Shereshevskii—whose memory later made him famous as a stage performer—had synesthesia, a condition in which one or more of the senses are inextricably linked. The variations are endless: music has color, words have flavor or numbers appear embedded in a three-dimensional map. People with synesthesia “experience the ordinary world in extraordinary ways,” writes author Jamie Ward of the University of Sussex, an expert on the condition, which is thought to affect as many as one in 25 people (many of whom do not realize their perception is unusual).
The Frog Who Croaked Blue reads like a fascinating novella-length essay. Ward is clearly enthralled by the topic, and he has no trouble finding interesting issues to address. He explores synesthesia’s potential causes (most people are born with it, but it can also be triggered by psychoactive drugs such as LSD), how and why the brain mixes the senses, and whether the condition might confer intellectual and even evolutionary benefits, such as a better memory. Between scientific discussions, he interweaves fascinating personal narratives from synesthetes around the world.
The most interesting part of the book, however, has little to do with synesthesia per se. Ward maintains that although smelling colors and hearing shapes may be exceptional, our senses are more closely intertwined than we probably realize. Certain neurons in the brain appear to be multisensory in that they can transmit auditory, visual and tactile information; when two types of stimuli are presented at the same time (when a circle appears on a computer screen at the same time that a beep sounds, for instance), these neurons respond more than twice as strongly to the combination than they do to either event alone.
Although synesthesia might seem alien to those who do not have it—Ward himself admits that he cannot fathom its more bizarre experiences—the bottom line, he says, is that we are all endowed with richly intermingling senses. “Whatever synesthesia tells us, it tells us that our own way of sensing the world is precious,” he writes.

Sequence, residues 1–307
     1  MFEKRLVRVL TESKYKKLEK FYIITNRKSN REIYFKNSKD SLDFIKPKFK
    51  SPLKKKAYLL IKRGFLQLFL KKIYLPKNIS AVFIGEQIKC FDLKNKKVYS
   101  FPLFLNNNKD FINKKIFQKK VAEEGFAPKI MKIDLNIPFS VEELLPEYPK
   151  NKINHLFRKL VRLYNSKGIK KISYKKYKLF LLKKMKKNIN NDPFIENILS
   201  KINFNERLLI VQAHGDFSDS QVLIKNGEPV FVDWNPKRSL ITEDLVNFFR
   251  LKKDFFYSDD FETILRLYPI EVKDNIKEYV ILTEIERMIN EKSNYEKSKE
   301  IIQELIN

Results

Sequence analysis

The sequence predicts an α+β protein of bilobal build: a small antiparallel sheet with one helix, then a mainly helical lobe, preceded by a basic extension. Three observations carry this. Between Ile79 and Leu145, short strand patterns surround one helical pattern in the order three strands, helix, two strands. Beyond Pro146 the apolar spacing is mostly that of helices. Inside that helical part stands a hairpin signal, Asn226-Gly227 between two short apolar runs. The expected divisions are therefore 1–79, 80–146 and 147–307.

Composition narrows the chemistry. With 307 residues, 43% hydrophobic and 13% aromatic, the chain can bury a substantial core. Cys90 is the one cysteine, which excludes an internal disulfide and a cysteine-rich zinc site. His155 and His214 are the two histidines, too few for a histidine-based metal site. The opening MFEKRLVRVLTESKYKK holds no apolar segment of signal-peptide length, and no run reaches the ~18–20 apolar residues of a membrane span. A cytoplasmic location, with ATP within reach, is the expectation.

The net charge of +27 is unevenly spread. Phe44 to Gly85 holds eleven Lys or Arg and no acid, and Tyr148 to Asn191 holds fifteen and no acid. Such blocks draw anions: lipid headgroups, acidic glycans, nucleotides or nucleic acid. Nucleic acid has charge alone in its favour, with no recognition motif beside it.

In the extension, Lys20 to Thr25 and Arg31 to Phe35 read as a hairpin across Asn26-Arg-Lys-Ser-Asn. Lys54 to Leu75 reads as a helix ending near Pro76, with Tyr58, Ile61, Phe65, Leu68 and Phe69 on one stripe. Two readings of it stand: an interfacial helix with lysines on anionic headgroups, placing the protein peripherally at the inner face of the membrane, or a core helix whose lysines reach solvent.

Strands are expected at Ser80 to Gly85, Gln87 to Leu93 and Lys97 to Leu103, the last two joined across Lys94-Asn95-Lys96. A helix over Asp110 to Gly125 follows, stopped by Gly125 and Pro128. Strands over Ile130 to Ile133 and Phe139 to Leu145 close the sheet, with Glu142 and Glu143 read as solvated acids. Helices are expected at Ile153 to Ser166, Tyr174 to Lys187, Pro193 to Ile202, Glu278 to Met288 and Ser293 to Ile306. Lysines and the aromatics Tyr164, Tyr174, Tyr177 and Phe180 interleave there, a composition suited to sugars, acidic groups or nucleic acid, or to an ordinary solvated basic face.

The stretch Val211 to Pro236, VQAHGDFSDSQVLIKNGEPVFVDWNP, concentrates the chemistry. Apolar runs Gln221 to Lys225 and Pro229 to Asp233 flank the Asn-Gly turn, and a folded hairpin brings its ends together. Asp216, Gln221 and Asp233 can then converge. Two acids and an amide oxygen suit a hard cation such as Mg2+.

My Three Shrinks
Listen at www.mythreeshrinks.com
You’re dining out when you notice that the rowdy crowd at the next table is having a most unusual conversation—debating the merits of a new antidepressant and chattering about the controversial diagnosis of e-mail-induced obsessive-compulsive disorder. You realize you are overhearing psychiatrists talk about some juicy stuff, and that’s exactly the appeal of the podcast My Three Shrinks. Every couple of weeks the shrinks—Roy, a general- hospital psychiatrist, Dinah, who sees outpatients, and the doctor known only as “ClinkShrink,” who spends her days with troubled inmates—arm themselves with mics, a few bottles of wine and plenty of polemic, and you get to listen in.
A typical recent episode focused on benzodiazepines, a class of depressants used to treat anxiety and insomnia. Roy kicked things off by comparing a prescription of three milligrams of Xanax (alprazolam) a day to a prescription of three beers a day. He explained that both alcohol and Xanax increase the effects of GABA, a chemical messenger in the brain that tells neurons to slow down or stop firing. Dinah and ClinkShrink agreed but argued that three milligrams is equivalent to many more beers than that.
Although the shrinks occasionally fall into shrill bickering or irrelevant tangents, their spirited conversations never fail to untangle the ethics and issues of psychiatric practice—so go ahead and eavesdrop sometime.
In Hollywood scientific accuracy is rarely a priority, but, as with everything, there are exceptions. If psychiatrists could give out Oscars for a day, these films would make the short list for providing authentic glimpses into the mind.